Eliyahu Jian
Co-Founder of Vital Transformation

Making Teshuvah Different This Year

As the New Year approaches, we resolve to become better people and fulfill the mitzvah of veahavta lireacha kamocha, loving our neighbors as ourselves. However, it seems that every year we set ambitious goals that we struggle to achieve. So, how can we make this year different?  

First, we need to understand what teshuvah is. The Gemara in Kiddushin (49b) gives us an interesting explanation. If a couple were married on condition that the husband was a righteous person, but the wife finds out later that he is a terrible person, the marriage is still valid. Why? The commentators explain that in the moment when the man claimed to be a righteous person, he was reflecting on the concept of righteousness. This implies that he had an initial desire for change, the recognition of imperfection, and the aspiration to become better. The Rambam furthers this idea through actualizing teshuvah and gives us three steps: abandoning the sin, feeling regret, and committing to not repeating the sin. The first step involves introspection, asking ourselves, “How can I change? What are my goals?” Only then can we embark on the path of transformation by taking small but meaningful steps.

We see this movement of taking small steps when the Jewish people were enslaved in Egypt and were immersed in the lowest level of impurity and sin. They were hopeless; they felt that they could never change their spiritual reality. When Moshe Rabbeinu came to redeem them, they were skeptical that they could even be redeemed. However, this exact recognition of their low spiritual state gave them the right to be redeemed. Similarly, when we recognize our shortcomings and sincerely desire to change, we set the stage for teshuvah.

Throughout the days leading up to Rosh Hashanah, we engage in self-reflection. Last year, we pledged to fulfill the mitzvah of “loving your neighbor as yourself,”  yet we probably fell short, succumbing to anger and hurtful words. But thankfully, our Rabbis teach that the first step towards change is recognizing our shortcomings and having the desire for improvement. Moreover, it is never too late to begin the journey of teshuvah.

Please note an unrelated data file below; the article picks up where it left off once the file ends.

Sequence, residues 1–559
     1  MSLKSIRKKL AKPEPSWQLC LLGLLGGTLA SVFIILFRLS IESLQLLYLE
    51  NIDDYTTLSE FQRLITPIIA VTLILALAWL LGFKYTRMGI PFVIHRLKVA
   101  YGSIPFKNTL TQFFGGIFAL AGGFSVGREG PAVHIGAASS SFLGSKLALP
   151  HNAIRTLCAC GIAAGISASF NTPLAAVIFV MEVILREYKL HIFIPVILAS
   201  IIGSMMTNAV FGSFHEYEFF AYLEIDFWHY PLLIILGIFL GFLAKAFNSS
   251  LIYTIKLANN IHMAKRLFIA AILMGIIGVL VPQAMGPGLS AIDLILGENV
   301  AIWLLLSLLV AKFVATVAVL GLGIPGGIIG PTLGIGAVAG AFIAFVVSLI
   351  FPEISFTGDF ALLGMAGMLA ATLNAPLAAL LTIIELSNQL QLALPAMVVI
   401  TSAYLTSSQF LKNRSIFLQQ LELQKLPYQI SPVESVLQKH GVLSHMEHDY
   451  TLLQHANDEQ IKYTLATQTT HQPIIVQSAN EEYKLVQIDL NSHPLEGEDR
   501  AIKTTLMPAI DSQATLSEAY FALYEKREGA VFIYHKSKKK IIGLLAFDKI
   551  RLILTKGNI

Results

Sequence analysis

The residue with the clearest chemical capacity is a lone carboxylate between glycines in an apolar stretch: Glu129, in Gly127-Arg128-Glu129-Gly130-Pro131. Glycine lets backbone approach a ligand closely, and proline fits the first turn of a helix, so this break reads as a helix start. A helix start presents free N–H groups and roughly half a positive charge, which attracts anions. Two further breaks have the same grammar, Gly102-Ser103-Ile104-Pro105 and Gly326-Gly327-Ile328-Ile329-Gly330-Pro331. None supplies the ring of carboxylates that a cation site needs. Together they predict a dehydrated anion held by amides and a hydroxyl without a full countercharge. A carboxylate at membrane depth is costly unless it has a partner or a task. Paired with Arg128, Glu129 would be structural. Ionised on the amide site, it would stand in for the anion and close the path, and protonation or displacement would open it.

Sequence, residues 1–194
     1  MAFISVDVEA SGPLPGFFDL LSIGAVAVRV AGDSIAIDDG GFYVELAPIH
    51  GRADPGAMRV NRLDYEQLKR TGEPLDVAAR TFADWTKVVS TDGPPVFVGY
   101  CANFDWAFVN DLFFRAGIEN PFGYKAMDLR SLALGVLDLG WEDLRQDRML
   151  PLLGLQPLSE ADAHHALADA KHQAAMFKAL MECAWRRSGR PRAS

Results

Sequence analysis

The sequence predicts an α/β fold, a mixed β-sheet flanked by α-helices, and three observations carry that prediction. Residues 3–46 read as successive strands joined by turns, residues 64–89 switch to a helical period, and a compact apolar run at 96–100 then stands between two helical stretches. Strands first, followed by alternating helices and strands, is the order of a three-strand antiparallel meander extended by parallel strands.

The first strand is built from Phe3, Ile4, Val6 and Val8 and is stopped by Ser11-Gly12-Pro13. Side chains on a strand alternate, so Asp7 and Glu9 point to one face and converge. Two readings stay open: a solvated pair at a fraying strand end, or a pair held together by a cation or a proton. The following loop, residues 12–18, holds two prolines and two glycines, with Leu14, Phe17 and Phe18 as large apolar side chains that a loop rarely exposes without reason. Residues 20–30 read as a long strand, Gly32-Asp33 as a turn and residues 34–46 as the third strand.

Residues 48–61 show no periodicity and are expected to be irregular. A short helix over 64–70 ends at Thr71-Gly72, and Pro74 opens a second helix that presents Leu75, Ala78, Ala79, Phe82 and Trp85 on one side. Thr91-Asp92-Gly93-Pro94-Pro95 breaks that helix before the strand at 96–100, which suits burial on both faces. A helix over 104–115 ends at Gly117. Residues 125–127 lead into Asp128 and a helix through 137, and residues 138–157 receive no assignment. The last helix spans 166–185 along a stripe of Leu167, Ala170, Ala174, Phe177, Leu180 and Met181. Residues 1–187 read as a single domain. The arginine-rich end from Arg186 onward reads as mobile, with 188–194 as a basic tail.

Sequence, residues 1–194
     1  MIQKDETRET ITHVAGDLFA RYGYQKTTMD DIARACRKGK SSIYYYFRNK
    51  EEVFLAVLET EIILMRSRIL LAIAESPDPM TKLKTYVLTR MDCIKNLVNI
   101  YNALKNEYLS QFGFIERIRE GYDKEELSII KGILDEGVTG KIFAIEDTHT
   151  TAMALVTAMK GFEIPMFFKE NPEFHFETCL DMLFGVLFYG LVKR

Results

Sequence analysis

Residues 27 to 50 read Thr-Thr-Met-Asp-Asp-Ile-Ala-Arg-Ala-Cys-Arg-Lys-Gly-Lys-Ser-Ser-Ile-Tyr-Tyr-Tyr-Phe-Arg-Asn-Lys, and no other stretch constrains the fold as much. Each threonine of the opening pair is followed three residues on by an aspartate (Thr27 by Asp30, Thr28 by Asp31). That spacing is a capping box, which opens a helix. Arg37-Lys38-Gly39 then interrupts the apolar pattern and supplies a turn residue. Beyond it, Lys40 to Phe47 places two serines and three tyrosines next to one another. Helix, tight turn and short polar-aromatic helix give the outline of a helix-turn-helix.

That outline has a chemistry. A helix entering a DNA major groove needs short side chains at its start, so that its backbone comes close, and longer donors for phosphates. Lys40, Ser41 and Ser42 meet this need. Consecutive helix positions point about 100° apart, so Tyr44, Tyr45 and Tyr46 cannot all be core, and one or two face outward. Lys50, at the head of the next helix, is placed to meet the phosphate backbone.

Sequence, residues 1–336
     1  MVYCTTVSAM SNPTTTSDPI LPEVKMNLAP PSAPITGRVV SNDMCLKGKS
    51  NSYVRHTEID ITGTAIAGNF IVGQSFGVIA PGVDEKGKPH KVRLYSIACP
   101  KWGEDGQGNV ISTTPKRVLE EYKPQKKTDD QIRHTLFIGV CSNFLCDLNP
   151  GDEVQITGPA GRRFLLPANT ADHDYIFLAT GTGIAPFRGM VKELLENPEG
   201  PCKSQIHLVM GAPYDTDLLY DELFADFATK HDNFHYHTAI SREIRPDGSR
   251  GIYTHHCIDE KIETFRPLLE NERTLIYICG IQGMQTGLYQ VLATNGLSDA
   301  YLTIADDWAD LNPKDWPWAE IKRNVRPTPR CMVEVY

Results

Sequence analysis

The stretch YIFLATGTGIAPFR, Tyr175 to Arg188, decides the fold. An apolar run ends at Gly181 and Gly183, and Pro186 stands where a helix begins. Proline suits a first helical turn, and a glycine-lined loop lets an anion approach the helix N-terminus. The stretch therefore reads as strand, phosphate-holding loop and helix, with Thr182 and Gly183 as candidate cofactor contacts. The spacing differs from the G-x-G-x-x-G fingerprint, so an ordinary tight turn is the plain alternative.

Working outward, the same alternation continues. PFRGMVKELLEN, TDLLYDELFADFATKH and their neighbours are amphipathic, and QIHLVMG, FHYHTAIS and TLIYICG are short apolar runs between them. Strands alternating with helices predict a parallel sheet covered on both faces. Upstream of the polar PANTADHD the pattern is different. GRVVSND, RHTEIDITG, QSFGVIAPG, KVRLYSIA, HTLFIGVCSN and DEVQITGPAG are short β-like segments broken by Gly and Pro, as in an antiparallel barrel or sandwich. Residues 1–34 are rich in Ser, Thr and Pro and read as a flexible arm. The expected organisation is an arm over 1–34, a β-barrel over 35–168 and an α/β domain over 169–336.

Never Too Late

To distinguish between those who are spiritually developed and those who are not, we can observe their response to recognizing their wrongdoings. Imagine you turn to a person and accuse them of being unkind to you. A growth-oriented and spiritual person will apologize sincerely and want to fix the relationship. When someone acknowledges their mistake and seeks to make amends, they demonstrate spiritual values. On the other hand, if someone continues to harm others without remorse or apology, it shows a lack of spiritual maturity and ability to do teshuvah.

As we approach the days of teshuvah, the time when God is ready to forgive our sins, we must remember that it is never too late to change. Wasting time is the greatest sin of our generation; excessive hours spent on entertainment and distractions hinder our spiritual growth. Torah, on the other hand, provides the inspiration and drive to build yourself and bring goodness in the world. We can use this opportunity to reflect and consider how we can love others more deeply, including our family, teachers, and friends. 

Reaching True Greatness 

Rosh Hashanah is a feminine word in the Hebrew language. According to Kabbalah, the feminine nature of Rosh Hashanah signifies that it is a time for us to focus inward. To reach greatness, we must be willing to focus on our true goals. Sometimes, it involves letting go of our small inner desires, such as our pull to be comfortable and respected. 

There is a fascinating image that can help us understand this concept. In Thailand, they catch monkeys by putting bananas in a vase. When a monkey comes to take the banana, they can catch the monkey while he struggles to pull his hand out of the vase. This is a metaphor for our growth; if a person wants to achieve true greatness, he must be careful not to get distracted by the “bananas” around us. We can get stuck and distracted fulfilling our smaller desires instead of focusing on what is truly important. 

Yom Kippur does not atone for sins between you and your fellow unless you ask for forgiveness from your fellow. Thus, if we work on improving our relationships and loving our neighbors, God will be more willing to forgive our other sins. 

In conclusion, the days of teshuvah offer us the opportunity to reflect, change, and grow spiritually. Let us seize this chance to improve ourselves, fulfill our commitments, and foster love and kindness towards others, ultimately bringing honor to our Creator and our Torah.

About the Author
Eliyahu Jian is a global thought leader, motivational speaker, author, and co-founder of Vital Transformation.
Related Topics
Related Posts